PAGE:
(B) If East reduces to a low club and a high diamond, cross to dummy on the HK, ruff the C10 and endplay East with a diamond.

(C) If East remains with honor-4 in diamonds, play the last trump throwing the diamond from dummy and forcing East to do likewise. Cash DA, HA and duck a heart.

(D) If East tries to prevent being endplayed by keeping the C8 and D4 (say), play the last trump throwing a heart from dummy and turn your attention to LHO. In the five-card ending, dummy has K-J-small of hearts, D6 and C10. Cash the HA and lead a heart from the closed hand. On that, West (who remained with 10-7 of diamonds and Q-J of clubs, say) is forced to pitch a club. Win in dummy with the HK and endplay West in clubs.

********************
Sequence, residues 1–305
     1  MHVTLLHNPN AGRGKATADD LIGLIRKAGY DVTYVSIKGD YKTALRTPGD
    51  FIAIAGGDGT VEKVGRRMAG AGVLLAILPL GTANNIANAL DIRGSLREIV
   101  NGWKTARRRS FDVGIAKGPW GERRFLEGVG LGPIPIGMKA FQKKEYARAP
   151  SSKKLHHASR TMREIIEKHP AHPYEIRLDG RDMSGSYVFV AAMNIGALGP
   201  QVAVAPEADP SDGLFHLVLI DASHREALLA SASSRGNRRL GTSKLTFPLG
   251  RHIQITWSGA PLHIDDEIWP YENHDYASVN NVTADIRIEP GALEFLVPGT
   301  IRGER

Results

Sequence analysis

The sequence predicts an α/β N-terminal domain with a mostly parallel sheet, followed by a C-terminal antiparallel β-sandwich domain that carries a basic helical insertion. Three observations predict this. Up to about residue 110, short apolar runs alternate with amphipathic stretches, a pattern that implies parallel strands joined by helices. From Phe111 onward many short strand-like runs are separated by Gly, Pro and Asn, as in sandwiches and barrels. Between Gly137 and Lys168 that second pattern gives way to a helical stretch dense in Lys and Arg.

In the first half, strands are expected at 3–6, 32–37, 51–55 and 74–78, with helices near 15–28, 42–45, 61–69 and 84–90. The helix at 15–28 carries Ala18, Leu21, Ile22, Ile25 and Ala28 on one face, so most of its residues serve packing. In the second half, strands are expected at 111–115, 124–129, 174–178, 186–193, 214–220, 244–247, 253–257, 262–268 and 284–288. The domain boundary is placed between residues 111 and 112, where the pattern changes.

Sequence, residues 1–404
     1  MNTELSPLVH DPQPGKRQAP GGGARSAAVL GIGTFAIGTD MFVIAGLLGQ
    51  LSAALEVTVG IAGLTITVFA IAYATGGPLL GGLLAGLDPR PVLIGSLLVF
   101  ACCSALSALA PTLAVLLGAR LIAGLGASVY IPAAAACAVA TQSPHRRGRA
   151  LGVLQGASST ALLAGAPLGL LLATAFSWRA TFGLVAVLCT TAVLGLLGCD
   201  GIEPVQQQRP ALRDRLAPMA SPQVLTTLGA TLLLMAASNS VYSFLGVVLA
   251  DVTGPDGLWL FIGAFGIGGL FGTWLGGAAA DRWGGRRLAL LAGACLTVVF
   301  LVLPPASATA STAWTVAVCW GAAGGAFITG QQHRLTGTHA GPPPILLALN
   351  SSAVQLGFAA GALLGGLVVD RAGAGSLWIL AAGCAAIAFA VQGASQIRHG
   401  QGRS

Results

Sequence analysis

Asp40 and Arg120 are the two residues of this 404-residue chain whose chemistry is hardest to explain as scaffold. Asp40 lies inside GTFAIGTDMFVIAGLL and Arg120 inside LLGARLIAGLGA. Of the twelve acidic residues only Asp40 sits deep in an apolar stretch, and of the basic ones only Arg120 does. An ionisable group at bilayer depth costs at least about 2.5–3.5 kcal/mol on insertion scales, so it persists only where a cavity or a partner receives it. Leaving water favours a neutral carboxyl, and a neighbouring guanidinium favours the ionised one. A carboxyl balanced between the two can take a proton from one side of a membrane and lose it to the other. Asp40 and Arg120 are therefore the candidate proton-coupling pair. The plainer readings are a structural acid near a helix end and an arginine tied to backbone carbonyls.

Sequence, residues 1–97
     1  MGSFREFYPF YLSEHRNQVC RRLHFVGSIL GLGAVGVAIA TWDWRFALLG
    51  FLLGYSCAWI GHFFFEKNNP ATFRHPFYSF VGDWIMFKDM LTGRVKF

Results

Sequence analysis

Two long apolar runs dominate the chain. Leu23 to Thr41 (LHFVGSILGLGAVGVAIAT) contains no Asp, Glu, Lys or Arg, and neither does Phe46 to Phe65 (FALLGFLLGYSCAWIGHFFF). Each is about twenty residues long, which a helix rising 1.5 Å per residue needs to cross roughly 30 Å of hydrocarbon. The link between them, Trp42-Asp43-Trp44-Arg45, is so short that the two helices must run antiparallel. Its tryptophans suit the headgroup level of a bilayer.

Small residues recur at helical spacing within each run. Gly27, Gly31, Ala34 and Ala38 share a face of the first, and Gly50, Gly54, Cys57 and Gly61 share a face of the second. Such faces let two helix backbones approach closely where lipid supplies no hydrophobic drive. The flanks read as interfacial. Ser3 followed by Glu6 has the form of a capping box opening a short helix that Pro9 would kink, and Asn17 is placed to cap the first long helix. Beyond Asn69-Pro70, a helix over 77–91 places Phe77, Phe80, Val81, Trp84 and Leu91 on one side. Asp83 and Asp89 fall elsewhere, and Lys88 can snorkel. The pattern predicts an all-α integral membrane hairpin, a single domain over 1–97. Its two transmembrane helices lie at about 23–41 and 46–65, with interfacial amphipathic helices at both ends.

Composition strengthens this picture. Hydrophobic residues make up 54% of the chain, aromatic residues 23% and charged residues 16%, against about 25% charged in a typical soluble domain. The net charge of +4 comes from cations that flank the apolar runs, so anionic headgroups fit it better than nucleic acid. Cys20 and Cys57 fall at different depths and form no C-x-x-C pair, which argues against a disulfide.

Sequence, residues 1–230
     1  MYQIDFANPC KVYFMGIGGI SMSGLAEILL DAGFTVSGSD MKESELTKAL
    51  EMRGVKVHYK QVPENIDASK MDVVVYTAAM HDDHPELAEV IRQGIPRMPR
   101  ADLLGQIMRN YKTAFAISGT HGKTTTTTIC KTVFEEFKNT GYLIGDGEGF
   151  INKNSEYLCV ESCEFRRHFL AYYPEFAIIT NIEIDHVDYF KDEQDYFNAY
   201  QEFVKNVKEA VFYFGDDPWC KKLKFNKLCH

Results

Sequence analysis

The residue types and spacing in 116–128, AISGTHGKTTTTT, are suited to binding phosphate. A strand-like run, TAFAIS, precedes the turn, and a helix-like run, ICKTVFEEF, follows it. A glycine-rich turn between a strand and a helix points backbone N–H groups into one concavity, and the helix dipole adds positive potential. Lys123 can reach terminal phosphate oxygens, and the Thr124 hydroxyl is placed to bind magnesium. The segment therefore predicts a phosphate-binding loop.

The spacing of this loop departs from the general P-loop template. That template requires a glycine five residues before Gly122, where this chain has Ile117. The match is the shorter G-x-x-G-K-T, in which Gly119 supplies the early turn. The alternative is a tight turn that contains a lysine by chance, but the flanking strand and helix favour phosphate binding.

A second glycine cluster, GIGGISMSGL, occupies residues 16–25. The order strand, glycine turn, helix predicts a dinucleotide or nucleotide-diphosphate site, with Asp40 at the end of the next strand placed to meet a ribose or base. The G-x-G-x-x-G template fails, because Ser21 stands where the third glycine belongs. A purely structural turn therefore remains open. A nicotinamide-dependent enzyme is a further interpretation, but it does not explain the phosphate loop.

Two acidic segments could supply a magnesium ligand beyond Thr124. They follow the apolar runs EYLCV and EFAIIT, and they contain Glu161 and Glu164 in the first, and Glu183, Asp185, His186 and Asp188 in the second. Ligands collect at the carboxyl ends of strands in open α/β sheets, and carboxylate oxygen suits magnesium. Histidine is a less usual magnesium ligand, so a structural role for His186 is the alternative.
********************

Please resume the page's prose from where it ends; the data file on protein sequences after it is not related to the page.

April 13, 2013
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Michael,

To be honest, it does bother me that East-West “might have gained from their MI.” That is why it is “possible” that the AC might have done better to adjust the East-West score, but not the North-South score.
BTW, I happen to believe that Roy and Sabine and their team played very, very well throughout the Vanderbilt and I can assure you that I had no bias against them.
March 27, 2013
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Michael,

Re #1), the answer is that it is possible, but not probable. I hope you understand
the nuances.

Re #2), since the answer to #1) is “not probable”, #2) becomes a moot point, no longer requiring any debate.